Q&A with V.C. Browne

DigitalNZ is turning six years old this February! As part of our birthday celebrations, we decided it was high time we had a chat with some of our amazing content partners, fans, and people using the DigitalNZ API.

We were keen to get their thoughts on DigitalNZ, how they came to work with us, and what they think will be most exciting about DigitalNZ in the future—also, it's a good excuse for warm fuzzies all round.

15118 Timaru

Image: Timaru, 1973, V. C. Browne and Son Aerial Collection: http://www.vcbrowne.com/Detailprom.aspx?RID=15076&PID=15118

First up is Roger Barclay, coordinator of the vast V.C. Browne & Son Aerial Photography collection. We first blogged about the V.C. Browne collection in April 2013. Here's a little more of the history of this growing collection and its close relationship with DigitalNZ:


What motivated V.C. Browne to join DigitalNZ?


I had been scanning negatives for the collection from about 2004 and by early 2009. I had completed enough to justify developing a website where people could view and purchase the images.

My next challenge was to get people to come to the website. I proceeded to locate and contact various organisations that might provide some sort of referral service for the website and it was from a conversation with Alison Stevenson, the Director of the New Zealand Electronic Text Centre, then the suggestion came to contact DigitalNZ. I contacted Virginia Gow at DigitalNZ and received an enthusiastic response. The rest is history.

0007 Kiaora

Image: 'Kia ora', V. C. Browne & Son Aerial Photography Collection, roll: Bluff Oamaru Grassmere Kiaora, http://www.vcbrowne.com/Detailprom.aspx?RID=PB0506&PID=7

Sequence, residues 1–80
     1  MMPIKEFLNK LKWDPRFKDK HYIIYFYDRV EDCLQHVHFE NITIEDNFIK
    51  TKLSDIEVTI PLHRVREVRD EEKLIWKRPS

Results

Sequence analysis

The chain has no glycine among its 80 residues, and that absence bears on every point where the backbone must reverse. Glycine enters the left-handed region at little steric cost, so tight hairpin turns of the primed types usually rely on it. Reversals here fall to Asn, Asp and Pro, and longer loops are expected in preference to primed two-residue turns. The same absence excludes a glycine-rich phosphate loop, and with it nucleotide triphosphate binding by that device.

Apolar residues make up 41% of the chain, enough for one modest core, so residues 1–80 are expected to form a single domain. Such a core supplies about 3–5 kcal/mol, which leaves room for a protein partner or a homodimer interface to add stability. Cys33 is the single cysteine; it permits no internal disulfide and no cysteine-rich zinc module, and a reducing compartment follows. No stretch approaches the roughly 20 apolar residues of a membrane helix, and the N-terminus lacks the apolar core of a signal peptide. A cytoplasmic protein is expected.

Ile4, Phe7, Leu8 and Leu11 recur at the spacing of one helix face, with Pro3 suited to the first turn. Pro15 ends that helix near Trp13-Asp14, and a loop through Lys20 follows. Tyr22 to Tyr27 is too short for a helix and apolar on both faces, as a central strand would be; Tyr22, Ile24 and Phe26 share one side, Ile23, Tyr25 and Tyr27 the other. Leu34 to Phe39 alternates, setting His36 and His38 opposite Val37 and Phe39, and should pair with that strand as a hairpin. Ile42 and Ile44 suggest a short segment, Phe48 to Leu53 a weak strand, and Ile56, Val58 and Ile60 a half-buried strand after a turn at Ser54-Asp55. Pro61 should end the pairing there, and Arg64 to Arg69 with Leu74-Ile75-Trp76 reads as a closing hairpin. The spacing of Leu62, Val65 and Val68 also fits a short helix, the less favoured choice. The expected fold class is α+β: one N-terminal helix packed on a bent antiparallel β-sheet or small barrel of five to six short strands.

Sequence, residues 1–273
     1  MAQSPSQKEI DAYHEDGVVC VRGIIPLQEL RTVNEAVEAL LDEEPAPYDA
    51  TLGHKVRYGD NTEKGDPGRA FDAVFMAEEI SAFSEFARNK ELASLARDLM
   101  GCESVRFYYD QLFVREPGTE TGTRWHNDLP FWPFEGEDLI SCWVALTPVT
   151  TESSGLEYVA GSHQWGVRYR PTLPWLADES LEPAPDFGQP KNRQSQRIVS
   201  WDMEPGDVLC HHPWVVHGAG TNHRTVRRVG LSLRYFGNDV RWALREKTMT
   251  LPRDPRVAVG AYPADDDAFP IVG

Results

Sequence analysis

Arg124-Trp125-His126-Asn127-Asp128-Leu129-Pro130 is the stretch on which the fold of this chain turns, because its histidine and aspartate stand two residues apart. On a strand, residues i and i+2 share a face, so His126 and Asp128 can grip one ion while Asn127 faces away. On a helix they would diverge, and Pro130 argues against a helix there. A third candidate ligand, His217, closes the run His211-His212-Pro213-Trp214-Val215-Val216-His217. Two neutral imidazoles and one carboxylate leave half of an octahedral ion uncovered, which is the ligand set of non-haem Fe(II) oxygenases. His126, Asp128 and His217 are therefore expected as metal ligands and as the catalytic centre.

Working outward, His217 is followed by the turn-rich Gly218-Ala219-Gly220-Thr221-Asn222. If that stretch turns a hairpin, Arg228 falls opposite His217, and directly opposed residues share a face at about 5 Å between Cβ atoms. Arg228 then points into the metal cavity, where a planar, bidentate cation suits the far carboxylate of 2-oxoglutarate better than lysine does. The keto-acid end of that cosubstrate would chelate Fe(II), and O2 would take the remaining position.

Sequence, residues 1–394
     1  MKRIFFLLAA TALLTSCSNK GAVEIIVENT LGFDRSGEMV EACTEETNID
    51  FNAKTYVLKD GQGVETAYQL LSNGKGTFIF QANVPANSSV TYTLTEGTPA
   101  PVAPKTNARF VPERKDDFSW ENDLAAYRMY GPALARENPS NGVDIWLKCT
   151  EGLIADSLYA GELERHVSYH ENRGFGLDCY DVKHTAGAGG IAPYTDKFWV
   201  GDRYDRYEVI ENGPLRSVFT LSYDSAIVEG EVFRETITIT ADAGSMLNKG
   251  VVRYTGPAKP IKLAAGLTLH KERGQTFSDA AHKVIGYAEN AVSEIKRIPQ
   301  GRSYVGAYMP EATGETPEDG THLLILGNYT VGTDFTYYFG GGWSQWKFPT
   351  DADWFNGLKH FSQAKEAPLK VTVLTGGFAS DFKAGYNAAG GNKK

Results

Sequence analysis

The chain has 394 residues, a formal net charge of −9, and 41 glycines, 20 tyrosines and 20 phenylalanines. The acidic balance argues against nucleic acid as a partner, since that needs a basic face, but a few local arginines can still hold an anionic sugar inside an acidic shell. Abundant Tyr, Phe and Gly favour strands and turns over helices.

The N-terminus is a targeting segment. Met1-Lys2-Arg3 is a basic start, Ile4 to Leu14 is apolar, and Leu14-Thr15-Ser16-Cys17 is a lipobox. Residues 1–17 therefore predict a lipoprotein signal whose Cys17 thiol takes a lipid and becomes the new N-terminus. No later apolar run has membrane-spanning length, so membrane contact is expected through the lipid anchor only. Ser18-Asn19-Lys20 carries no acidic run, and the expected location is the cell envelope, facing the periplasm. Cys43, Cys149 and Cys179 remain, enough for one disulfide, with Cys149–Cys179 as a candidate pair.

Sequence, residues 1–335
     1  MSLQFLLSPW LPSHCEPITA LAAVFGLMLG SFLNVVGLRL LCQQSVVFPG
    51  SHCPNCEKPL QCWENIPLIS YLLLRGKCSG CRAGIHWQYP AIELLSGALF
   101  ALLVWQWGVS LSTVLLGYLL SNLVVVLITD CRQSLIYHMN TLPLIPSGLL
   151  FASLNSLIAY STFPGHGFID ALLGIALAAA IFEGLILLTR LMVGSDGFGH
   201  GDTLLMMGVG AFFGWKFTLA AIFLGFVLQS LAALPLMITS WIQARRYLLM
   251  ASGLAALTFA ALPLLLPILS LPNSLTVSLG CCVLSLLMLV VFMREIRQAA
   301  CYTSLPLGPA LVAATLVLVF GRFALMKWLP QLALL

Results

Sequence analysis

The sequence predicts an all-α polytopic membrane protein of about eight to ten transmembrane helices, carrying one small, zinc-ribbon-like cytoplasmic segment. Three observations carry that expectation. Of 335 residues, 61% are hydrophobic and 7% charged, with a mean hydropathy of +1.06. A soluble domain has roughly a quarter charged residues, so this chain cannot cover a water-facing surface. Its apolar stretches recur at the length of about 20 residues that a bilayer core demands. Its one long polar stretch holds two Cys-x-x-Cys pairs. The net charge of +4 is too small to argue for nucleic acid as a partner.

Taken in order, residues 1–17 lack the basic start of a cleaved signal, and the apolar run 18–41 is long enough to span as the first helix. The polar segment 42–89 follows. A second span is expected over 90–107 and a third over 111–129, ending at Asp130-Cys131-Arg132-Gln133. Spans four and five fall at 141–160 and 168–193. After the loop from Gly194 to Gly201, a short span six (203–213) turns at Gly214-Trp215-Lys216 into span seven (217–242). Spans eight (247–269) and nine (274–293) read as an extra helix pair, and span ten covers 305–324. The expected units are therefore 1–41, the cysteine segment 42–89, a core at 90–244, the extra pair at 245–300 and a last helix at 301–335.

Has DigitalNZ made a difference to V.C. Browne's digital collection?
 


I have always marvelled at the fact that DigitalNZ appeared at just the right time to help me get the www.vcbrowne.com website known. My website went live in July 2009 and DigitalNZ first incorporated our metadata around November 2009. My website statistics showed a huge jump in traffic as we went into 2010 and for the next 2.5 years the majority of the traffic to the website came via DigitalNZ.

Today, almost 5 years later things have changed a bit. The collection and website are quite well known and the majority of traffic comes either directly to the site or via one of the commercial search engines, such as Google.

DigitalNZ continues to play an important role, but it is a different role. Apart from the big search engines, most referrals now come from organisations that have been influenced by DigitalNZ in some way. Such as those that have picked up the DigitalNZ search widget, or use the metadata API.

Back in 2009, we really didn’t know what interest there was going to be in the V.C. Browne & Son collection. Today it is used by a diverse array of organisations and people, such as:

• Planning for the rebuilding of Christchurch
• Planning for contaminated site remediation
• Undertaking heritage architecture projects
• Supporting special interest groups e.g. Historical societies, Traction Engines, Cust Grand Prix, Rail enthusiasts,
• Or simply resurrecting a personal view of a world that has long disappeared

I doubt this would be happening if not for DigitalNZ’s existence.

Chch Boys High School

Image: 'Christchurch Boys' High School', V. C. Browne & Son Aerial Photography Collection, roll: Millers Mill N & Sth Brighton, http://www.vcbrowne.com/Detailprom.aspx?RID=0577&PID=630


What do you think is the most interesting/exciting aspect of DigitalNZ?


I particularly like the way DigitalNZ provides a portal service that makes similar content from different providers available to people who are looking for that content. A good example is the way that a user searching for an aerial photograph of Palmerston North will be offered images from V.C. Browne & Son together with the Whites aviation images provided by the Alexander Turnbull library. One interface to two different providers.